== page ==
Defying Maasai tradition that says women are property and can be beaten, Agnes Siyiankoi is enlisting the help of Nairobi lawyers to change Kenya's constitution and outlaw wife-beating.
Siyiankoi's brother, a lawyer, lodged a High Court application seeking the equivalent of $150 in damages for Agnes Siyiankoi's abuse by her husband. He also asked that wife-beating be declared unconstitutional. Sinyianko lives with her brother and three of her four children in Nairobi, where she has accused her husband in court of repeated assault over 13 years. She said the practice of polygamy caused him to beat her constantly.
Women lawyers have recommended several reforms to Kenya's attorney general, including outlawing wife-beating and marital rape. They want to criminalize wifebeating because, even when a man beats his wife to death, he is not prosecuted. Millie Odhiambo of the International Federation of Women Lawyers reports that "...almost every tribe in Kenya practices wife-beating."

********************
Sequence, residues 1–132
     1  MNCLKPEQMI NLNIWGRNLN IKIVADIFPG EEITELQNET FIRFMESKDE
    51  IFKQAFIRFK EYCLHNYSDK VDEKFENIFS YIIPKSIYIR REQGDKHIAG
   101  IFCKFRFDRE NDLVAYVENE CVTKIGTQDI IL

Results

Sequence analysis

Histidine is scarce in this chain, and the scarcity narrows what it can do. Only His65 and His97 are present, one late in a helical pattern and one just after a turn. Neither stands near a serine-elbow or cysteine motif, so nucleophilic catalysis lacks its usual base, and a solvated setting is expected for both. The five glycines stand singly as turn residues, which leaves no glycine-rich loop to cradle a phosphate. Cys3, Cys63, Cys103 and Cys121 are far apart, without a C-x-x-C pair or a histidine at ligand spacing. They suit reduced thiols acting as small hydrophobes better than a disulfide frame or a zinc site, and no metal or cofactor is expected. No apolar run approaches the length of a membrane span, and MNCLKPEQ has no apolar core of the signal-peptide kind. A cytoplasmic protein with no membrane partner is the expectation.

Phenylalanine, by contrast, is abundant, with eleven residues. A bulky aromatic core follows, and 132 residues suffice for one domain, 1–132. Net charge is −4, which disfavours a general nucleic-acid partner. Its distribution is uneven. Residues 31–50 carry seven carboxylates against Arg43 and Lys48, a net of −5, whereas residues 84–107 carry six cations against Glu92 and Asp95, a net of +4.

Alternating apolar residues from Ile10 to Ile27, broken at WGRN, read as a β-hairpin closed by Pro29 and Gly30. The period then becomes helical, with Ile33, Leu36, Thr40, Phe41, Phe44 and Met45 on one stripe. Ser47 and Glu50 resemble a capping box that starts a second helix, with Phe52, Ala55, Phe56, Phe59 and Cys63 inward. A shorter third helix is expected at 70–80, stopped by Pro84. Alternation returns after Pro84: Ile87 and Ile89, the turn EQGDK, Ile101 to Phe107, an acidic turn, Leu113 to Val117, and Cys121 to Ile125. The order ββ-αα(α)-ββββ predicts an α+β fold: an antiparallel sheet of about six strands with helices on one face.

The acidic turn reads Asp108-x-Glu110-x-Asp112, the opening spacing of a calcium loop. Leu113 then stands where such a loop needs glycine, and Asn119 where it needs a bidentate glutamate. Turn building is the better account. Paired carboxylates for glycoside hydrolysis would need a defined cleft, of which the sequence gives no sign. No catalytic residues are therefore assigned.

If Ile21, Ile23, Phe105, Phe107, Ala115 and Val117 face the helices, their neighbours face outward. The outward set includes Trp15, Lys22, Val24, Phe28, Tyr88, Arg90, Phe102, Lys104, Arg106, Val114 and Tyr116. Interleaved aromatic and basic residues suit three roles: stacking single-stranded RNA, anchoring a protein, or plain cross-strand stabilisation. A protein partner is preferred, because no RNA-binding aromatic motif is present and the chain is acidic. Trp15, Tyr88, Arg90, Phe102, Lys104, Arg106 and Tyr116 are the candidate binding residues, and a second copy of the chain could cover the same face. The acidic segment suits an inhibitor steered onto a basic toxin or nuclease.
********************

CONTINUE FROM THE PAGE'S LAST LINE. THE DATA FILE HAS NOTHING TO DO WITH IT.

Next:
3/7/2014 Study Finds Continuing Gender Gap in Medical Research - Although 20 years have passed since the government instituted legislation requiring adequate female representation in medical studies, a recent study finds that a significant sex and gender gap still persists in medical research.
"Sex-Specific Medical Research: Why Women's Health Can't Wait" by researchers at the Connors Center for Women's Health and Gender Biology at Brigham and Women's Hospital and the Jacobs Institute at George Washington University Hospital finds that scientists still fail to account for differences between males and females. . . .